Ndowe are an African ethnic group, members of the Bantu group, who are Coastal people of Equatorial Guinea, Cameroon, and Gabon.
The Spanish referred to them as playeros, or "beach dwellers"
They are native speakers of the Kombe language.
Population estimated (2015) was 300,000-400,000
País Ndowe (Ndowe Country) occupies the coastal región and the islands of Corsico Bay on the Gulf of Guinea, forming Litoral Province of Equatorial Guinea.
Ndowe is a name broadly given to the Bantu-speaking coastal people of Equatorial Guinea.
It is a minority people who probably came to the mainland with the Fang, in the 12th and 13th centuries. They occupied the coast which earned them the name of “beachmen”: those of the beach. The social organization of the Ndowé is similar to that of the Fang and is hierarchical in families, cities, lineages and clans.
Settling along the Mbini, or Muni, River and its affluents and the beaehes, they fished, hunted, and grew cassava, malanga, and plantains. Living in scattered village communities linked by lineage and clans, they were inereasingly dominated by the more politieally centralized Fang and prevented from settling inland. Despite frequent confliets, intermarriage between the Ndowe and the Fang was common, as it was between the Ndowe and the Bayele "Pygmy" peoples. The most unifying forcé among Ndowe communities was the transethnic Bwiti, adopted at the end of the i8oos, which promotes "one-heartness" among its followers.
The two primary ethnic groups who speak the Kombe language are:
The BOUMBA, including the tribes:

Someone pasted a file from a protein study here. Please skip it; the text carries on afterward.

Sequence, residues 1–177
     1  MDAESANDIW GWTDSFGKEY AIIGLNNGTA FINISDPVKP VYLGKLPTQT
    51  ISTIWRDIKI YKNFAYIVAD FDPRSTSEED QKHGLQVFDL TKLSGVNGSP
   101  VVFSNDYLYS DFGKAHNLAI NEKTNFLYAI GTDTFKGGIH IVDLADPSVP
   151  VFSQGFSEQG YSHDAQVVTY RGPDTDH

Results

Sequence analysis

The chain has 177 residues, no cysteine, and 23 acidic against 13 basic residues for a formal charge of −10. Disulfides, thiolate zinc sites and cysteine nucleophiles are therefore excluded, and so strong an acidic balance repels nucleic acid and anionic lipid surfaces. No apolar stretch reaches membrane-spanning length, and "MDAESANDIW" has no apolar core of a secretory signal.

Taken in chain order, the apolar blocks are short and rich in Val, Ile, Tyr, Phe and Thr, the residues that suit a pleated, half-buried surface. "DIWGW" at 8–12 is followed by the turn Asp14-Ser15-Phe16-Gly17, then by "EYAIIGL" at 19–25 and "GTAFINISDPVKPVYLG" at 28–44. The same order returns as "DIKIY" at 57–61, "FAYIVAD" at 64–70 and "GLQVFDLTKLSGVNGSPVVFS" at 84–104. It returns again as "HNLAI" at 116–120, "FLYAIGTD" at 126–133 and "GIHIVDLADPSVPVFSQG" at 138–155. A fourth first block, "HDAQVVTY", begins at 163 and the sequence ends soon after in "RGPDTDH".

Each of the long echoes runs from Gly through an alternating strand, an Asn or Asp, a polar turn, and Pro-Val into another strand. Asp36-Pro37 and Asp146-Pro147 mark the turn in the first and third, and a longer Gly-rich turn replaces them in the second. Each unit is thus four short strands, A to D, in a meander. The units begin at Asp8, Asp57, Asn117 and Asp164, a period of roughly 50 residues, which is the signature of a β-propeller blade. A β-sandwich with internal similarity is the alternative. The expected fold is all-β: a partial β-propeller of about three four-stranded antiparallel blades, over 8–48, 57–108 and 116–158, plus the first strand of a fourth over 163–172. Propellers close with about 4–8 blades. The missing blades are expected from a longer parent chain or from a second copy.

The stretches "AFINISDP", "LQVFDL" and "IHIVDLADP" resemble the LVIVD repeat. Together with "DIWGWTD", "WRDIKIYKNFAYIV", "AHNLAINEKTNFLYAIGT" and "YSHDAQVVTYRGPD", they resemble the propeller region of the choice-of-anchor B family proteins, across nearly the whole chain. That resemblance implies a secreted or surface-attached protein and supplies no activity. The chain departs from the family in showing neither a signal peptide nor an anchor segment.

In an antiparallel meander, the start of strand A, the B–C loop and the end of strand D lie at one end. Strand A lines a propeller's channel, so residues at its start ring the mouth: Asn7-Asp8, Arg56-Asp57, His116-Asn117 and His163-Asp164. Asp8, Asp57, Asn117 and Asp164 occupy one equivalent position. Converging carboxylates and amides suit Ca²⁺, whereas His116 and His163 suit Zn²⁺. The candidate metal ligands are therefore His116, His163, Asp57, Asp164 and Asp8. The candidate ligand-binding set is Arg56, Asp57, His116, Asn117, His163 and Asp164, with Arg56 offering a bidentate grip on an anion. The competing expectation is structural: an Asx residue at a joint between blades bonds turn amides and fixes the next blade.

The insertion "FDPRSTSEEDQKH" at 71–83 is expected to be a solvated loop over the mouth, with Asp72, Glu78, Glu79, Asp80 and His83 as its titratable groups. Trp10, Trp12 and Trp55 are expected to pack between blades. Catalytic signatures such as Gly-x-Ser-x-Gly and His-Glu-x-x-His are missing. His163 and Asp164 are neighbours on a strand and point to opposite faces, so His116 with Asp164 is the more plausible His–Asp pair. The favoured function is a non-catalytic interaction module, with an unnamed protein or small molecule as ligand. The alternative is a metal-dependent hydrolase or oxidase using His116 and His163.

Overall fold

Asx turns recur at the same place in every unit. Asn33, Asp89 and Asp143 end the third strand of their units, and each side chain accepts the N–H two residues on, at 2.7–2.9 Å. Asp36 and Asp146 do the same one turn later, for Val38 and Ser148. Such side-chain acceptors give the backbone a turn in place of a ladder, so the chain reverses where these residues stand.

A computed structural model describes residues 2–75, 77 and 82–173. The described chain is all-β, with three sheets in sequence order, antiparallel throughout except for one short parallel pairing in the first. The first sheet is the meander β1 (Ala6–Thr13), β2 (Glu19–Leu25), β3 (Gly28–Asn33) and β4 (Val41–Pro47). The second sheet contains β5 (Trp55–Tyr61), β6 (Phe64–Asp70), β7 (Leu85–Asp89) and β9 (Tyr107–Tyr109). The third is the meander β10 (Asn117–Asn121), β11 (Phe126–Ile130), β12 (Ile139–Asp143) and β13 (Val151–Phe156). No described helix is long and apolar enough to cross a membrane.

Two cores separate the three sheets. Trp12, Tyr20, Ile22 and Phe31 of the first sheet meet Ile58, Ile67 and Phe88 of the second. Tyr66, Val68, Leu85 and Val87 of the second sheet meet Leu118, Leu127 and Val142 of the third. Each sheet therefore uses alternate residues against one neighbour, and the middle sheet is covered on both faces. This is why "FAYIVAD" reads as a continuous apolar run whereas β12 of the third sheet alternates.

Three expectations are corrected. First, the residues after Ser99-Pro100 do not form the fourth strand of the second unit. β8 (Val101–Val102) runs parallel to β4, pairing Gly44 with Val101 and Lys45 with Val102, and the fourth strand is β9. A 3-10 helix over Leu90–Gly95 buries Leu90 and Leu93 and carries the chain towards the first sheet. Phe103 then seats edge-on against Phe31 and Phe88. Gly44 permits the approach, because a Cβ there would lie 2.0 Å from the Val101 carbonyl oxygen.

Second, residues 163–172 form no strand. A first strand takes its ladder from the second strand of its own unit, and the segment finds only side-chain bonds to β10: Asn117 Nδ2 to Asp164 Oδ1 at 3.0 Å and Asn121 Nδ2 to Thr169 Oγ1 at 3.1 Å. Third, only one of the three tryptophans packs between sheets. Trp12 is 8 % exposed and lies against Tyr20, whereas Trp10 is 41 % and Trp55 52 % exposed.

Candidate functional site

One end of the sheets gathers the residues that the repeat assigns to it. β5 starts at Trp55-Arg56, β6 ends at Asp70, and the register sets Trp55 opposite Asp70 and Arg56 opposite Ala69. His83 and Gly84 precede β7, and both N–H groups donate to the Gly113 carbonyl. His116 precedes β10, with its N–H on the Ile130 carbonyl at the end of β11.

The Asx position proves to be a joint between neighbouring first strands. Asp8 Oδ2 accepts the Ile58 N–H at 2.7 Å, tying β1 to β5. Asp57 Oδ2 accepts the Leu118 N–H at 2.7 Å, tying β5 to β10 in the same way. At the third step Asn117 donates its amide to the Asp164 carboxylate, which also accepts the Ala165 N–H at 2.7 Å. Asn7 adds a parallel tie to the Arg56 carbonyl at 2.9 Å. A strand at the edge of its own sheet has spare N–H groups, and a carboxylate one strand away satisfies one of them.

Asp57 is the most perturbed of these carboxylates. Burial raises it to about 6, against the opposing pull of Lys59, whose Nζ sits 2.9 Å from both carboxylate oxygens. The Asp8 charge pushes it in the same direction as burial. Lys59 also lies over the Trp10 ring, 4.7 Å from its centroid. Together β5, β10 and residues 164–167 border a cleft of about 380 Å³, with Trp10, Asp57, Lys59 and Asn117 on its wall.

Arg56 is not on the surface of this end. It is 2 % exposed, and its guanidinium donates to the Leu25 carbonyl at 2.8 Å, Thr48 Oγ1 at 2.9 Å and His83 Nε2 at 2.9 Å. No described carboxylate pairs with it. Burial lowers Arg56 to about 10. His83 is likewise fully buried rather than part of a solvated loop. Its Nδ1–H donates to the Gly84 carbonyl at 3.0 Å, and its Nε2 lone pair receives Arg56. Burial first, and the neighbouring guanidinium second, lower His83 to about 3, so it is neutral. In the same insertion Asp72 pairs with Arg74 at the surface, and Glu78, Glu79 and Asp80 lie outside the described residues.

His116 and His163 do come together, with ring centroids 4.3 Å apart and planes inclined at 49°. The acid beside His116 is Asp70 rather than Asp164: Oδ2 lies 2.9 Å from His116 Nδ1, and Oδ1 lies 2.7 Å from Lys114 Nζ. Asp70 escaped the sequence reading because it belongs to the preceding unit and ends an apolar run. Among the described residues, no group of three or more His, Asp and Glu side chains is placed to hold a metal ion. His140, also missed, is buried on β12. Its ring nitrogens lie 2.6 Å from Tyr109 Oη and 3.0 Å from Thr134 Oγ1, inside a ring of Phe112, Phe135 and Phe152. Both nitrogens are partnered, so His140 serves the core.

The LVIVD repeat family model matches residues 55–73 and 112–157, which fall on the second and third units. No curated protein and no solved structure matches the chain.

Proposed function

The BONGWE, including the tribes:
Sociopolitical is acephalic; each clan has a chief, who is in turn advised by the council of chiefs of the different lineages. The family or «dyanga» is the political and economical unit. Structurization is patrilineal and exogamous. Inheritance and succession to chief status is likewise paternal in line and in order of age among males.
As most of these patrilineal societies, the Beach Peoples are polygynic; however, as pointed out by Iv ANGA (1992), monogamous marriage has existed for over 150 years, clearly influenced by evangelization. As in the case of the Fang, «ebonda» or «wealth of the bride» also exists among the Beach Peoples, whereby marriage alliances are established when the family of the groom pays material tribute to the family of the bride in return for ceding one of the clan's females. In turn, the clan of the groom acquires the rights over both the woman and her descendants, which come to belong to the clan.
These peoples have multiple initiation and transition rites, such as «esube» (or circumcision at birth) in addition to others that are celebrated upon reaching puberty. The main purpose of these rites is to introduce the individual to the community and to adult status, while reinforcing the feeling of belonging to the group. These initiation ceremonies demand courage, discipline, resistance and the overcoming of pain. Secret societies are also widespread, and membership is a matter of family tradition, social status, etc. Only those individuals who form part of these societies are regarded as being able to perceive events in the metaphysical world. The belief in a universal force may be manifested in different ways, as an expression of their beliefs regarding plants, animals, the sun, moon, sea or fire.
The Okuyi (plural: Mekuyo, also known as Ukuyi, Ocuya, Mokoi, Mukudj, Ikwara, Okukwe and Mbwanda, in Equatorial Guinea (Spanish): Mamarracho) is a rite of passage practised by several Bantu ethnic groups in different countries mainly across the west coast of Central Africa. Some of the countries where the rite is exercised include Cameroon in West Central Africa, Gabon and Equatorial Guinea. Traditionally, the rite is performed at numerous special occasions including funerals and weddings. Usually when an infant reaches four months of age or when a child becomes an adolescent, an Okuyi ritual is applied as well. Today, the Mekuyo rite is exercised by a range of ethnic peoples within the Bantu cluster. The coastal community known as Ndowe, also known as playeros, is a primary example, as peoples across Equatorial Guinea frequently perform the ritual in public. Gabon has two chief ethnic groups that exercise the Okuyi rite including the Mpongwe and Galwa from Lambaréné, Gabon. The man in the custome is usually the leader of the group.